Other town amenities lacked the resources to grow.

The town's library, for example, is moving out of the cramped Town Office and into the new arts and community center.

"And there were businesses in downtown Monson that were [already] doing just fine," Hayward said.

Appalachian Trail thru-hikers have long stopped at the Lakeshore House and Shaw's Hiker Hostel, and spent money in town.

Lakeshore House now sports a sign thanking the Libra Foundation.

Appalachian Trail way station

Photo / Maureen Milliken
Photo / Maureen Milliken
One of Monson's traditional draws is the Appalachian Trail. This campground is near the trailhead on Pleasant Street.

Besides slate quarries, the town's other legacy is that it's on the 2,190-mile trail, the last stop before the 100-Mile Wilderness for northbound hikers, and the first civilization after for southbound.

The foundation is working with the Appalachian Trail Conservancy, which oversees the length of the trail from Springer Mountain in Georgia to the summit of Katahdin.

Last year, the conservancy moved its Monson visitor center from the arts center to Main Street, and visits have increased 80%, Michelson said.

He said the center isn't just for those thru-hiking the trail — the trailhead is about 1.5 miles outside the town center — but also for day-hikers and tourists.

"There are about 30 waterfalls in the area, but there are no signs, no one knows where they are," he said. The conservancy helps hook visitors up with surrounding natural resources that may otherwise go unnoticed.

The Appalachian Mountain Club is another "big player" in the economy as well, Michelson said. The club has built more than 80 miles of trail, three renovated lodges and 70,000 acres of conservation land in the 100-Mile Wilderness on reclaimed timber company land.

Town Manager Dan Swain said the Libra effort has also helped put some fire under the town's effort to buy 1,200 acres of forestland for a town recreational area. The property is for sale by timber company Weyerhaeuser.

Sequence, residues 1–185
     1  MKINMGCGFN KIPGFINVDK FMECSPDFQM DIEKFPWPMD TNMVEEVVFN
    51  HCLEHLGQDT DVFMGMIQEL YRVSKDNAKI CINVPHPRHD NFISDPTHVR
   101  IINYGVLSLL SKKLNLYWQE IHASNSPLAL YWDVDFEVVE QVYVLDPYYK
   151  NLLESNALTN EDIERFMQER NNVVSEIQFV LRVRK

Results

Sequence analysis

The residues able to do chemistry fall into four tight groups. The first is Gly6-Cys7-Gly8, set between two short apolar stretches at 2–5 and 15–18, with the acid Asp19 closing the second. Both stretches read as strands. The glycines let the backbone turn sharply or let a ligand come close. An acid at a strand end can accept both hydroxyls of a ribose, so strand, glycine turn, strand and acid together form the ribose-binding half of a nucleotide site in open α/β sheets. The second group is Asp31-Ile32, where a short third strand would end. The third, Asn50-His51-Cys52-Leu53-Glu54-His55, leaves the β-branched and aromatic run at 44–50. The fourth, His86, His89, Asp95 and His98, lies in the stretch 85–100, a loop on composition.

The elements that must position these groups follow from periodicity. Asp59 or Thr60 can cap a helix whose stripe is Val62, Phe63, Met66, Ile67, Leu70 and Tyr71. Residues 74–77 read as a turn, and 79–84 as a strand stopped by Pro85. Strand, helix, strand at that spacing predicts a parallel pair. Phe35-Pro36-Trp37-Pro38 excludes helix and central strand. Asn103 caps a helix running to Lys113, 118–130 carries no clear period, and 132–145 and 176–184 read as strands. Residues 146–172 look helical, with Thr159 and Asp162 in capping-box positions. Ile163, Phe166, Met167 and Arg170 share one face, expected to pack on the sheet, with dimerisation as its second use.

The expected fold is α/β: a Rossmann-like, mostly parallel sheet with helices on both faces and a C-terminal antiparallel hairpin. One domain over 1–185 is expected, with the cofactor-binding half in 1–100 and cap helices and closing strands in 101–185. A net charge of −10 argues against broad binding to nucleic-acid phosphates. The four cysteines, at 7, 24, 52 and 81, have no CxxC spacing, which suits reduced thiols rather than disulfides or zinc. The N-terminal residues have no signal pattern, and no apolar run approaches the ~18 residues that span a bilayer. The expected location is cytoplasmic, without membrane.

"We're trying to work with some nonprofits in paying for it," Swain said. Those behind the effort envision trails, tent platforms, both for area residents or those who are visiting to hike the AT or to check out the region's natural beauty.'

'People see the potential'

Photo / Maureen Milliken
Photo / Maureen Milliken
Construction activity can be seen all over Monson, including these Main Street buildngs.

Other boosts have come as well.

In February, Premium Choice Broadband announced it was near completion on a $1 million project to connect Dover-Foxcroft and Monson with high-speed fiber optic cable.

Michelson and Hayward pointed out that alone is a huge economic boost, making it more possible for businesses to operate and making the area more appealing to potential residents.

They said that aside from the obvious economic benefits to Piscataquis County, they hope others learn from the effort and use what they've learned for other projects in the state.

Swain, the town manager, said the changes brought by Libra are welcome, and they're already having a positive impact beyond what the foundation planned.

"A lot of people are happy with it," he said. "It's an infusion of money in a place where we needed it."

Swain agrees with Michelson and Hayward that the town was a drive-through for many headed to the Moosehead Lake region. Despite the fact the project is still not completed, now people stop, and some are even putting down roots.

"People see the potential now," Swain said. "We get calls from around the country. We're seeing more properties sell.

"To have this money come in is just so big. And it'll bring more. The more money that flows through town, the more people it brings, the more jobs for local people."